While the box says “all genders” I should point out that there aren’t any cis men in the movie. Tobi told me that there are somethings that she would have liked to do in terms of the range of performers that she was not able to. She says:

Diversity in a cast is another difficult trick.  While being primarily about trans women, I also wanted to have representation of a cis guy, a trans guy, a cis woman, a variety of body sizes, and races — I only had 8 performers in the entire film and at least that many identity categories I hoped to represent.  I think I did a relatively good job of reaching my goals on that matter, but I eventually had to realize that I just can’t be all things at once.

I have my own set of responses to this work that are not always easy. I realized, when first watching it that it wasn’t turning me on. I couldn’t figure out how not to be distracted by the bodies. You see, I have had sex with only one other trans woman since my transition and that was very early on. This is my first time seeing this much naked flesh of trans women who haven’t had tons of plastic surgery. I was looking at women like me for the first time. I’m sure that many fat women had similar experiences when first looking at Laurie’s photographs from Women En Large for the first time.

I find myself looking at hips and thighs and breasts and bellies and asses thinking that they do or don’t look like mine. It’s an up-and-down experience, alternately responding positively and negatively to comparisons I make to my own body. These responses are stronger than they are than when I’m looking at the bodies of cis women. A feature I envy on a cis woman is often a feature that I can’t have without doing something like removing a couple of ribs (wasp waisted I will never be). Watching Doing It Ourselves, I see things I like and they’re features I share. That’s really affirming. When I feel like I don’t measure up, it’s that much harder.

I’m generally pretty good about my body image stuff. I don’t mean to sound as though I am uncritical of some of my responses. There’s nothing wrong with my body, but I am not used to this particular circumstance and am not prepared to check myself in the ways I would usually expect to.

I’m sure my experience will change as I continue to watch Doing It Ourselves again (and again and again). I’ve watched it three times at this writing, and what I see and respond to is already shifting. Nothing is new for very long.

This is intense stuff, and not just for me in front of my TV. I appreciate the fact that the people in this movie did it. I’ know it wasn’t easy for all of them. I saw the original casting call and thought about it for a minute. In the end, I couldn’t do it. I couldn’t get past the fear and my own body issues (and there were other factors at play for me as well). Tobi says this:

But folks who I have asked to consider being in my film know as well as I do that that’s not necessarily the response they will get from others.  I’ve been turned down by a lot of folks.  Some who don’t want the risk of being associated with porn, some who are dealing with too much dysphoria, and relatedly, some who have serious issue with their own body image and don’t want it displayed or seen.  Ultimately, regardless of my expansive sense of attractiveness, I don’t want to create a film that other folks will be commenting on how the performers are unattractive or ugly.  And that’s not really about sales or popularity as much as I don’t want to put my performers into that situation. I always defer to their own judgment on the issue, but it’s hard to know when to push and when not to. For example, Joss Blaine cringed and was triggered at seeing herself in it.  She’s happy with her participation, but it’s still a concern of mine.

Frankly, those who have been told frequently and regularly that they are beautiful and hot are much more likely to see themselves as hot and as a result, more willing to be involved in a project like this.  Overall I feel happy about the representation I brought to DIO, but I can’t help but notice certain gaps — both in my film and in my sex-positive community which I drew talent from.  I know sexy, self-confident trans women who are skinny or curvy but not so much those who are fat.  Similarly, I know sexy, self-confident fat women, but they almost all seem to be cis.  I think that’s representative of how many negative messages there are about each of those groups in both the mainstream culture and our counter-cultures and the weight that they hold combined.  I know that queer/feminist producers like myself would like to create alternative messages, but there’s only so far ahead of the communities we draw upon for viewers and for talent that we can go.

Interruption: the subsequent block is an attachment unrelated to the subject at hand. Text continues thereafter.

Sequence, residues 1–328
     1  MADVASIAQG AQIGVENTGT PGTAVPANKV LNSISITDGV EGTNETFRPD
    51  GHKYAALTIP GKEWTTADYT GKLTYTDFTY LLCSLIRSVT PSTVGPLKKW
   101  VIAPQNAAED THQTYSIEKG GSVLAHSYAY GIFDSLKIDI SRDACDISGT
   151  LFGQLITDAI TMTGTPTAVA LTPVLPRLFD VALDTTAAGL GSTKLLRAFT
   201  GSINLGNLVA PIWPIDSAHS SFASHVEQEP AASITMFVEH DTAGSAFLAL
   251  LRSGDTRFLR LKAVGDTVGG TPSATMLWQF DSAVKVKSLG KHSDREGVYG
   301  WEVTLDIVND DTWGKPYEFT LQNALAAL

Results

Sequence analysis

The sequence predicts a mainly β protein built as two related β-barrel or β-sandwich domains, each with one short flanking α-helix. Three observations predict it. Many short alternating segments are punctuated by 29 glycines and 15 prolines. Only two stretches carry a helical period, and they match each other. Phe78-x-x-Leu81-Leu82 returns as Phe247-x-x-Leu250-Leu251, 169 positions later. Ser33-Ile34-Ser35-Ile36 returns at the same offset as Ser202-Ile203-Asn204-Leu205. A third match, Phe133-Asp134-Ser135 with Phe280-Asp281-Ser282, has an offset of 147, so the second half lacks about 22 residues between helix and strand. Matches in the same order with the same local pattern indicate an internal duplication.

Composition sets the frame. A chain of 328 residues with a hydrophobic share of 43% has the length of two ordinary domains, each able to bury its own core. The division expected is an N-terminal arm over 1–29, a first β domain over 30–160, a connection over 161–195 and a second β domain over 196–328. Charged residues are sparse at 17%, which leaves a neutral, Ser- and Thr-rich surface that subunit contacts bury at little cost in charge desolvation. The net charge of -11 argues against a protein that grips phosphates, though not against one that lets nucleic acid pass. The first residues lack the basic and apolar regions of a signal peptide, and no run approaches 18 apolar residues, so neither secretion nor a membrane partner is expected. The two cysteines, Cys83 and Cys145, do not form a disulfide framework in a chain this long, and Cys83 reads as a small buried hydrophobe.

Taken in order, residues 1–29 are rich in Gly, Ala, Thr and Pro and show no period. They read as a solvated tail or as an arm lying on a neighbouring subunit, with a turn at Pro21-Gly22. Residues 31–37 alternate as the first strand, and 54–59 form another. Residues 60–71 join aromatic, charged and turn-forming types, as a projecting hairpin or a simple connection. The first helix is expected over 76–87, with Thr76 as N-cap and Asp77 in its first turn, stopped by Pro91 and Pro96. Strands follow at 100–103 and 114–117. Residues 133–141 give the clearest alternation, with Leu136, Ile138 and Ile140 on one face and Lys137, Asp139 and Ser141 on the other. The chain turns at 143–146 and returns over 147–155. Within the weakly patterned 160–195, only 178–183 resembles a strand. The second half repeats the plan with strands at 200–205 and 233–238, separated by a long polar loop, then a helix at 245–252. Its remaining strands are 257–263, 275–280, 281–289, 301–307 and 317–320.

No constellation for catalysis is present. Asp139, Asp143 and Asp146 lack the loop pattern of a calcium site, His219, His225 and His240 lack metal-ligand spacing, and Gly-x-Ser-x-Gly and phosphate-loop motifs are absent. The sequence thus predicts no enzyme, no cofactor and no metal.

Unlike most porn, the extras on the DVD (actually a whole extra DVD) are really worth watching. The interviews with the performers are sweet and thoughtful. These people are not just hot, they’re smart. I’m especially fond of the discussion Tobi has with Gina de Vries, sitting on a bed, with cat in the foreground, talking about the scene they did together and about the project generally. The cat does a solo scene (playing the fiddle) while they talk.

The sex scenes themselves are beautifully done. There is generally an emphasis on faces and bodies over genitals (compared to most porn). Not everything in it is my cup of tea, but let’s remember that my cup of tea tastes funny to most folks. I think it is safe to say that anyone who has or might like to have queer trans women in their life should check this out.

Sex is one of the most important ways people communicate and there are subtleties expressed about who the people in this film are that just don’t happen conversationally. I suppose that may be the most important thing about Doing It Ourselves, it tells the truth. The scenes show (at least some of) the sexual reality of the participants rather than the fantasies a film maker assumes will sell to straight men.

At the end of Tobi and Gina’s scene, Gina has just had an orgasm and starts to make sure Tobi gets off too. Tobi says “I just don’t think I’m going to get there tonight.” I’m not sure if that’s a porn first too, but I think it might be.

Tobi won a Feminist Porn Award for her work in Doing It Ourselves just days after its release. A line has been crossed. Tobi Hill-Meyer saw something that needed to be done and she did it. I don’t know her beyond the few emails we’ve traded, and I don’t want this to sound overly familiar or like I did anything to make Doing It Ourselves happen, but I’m really proud of her.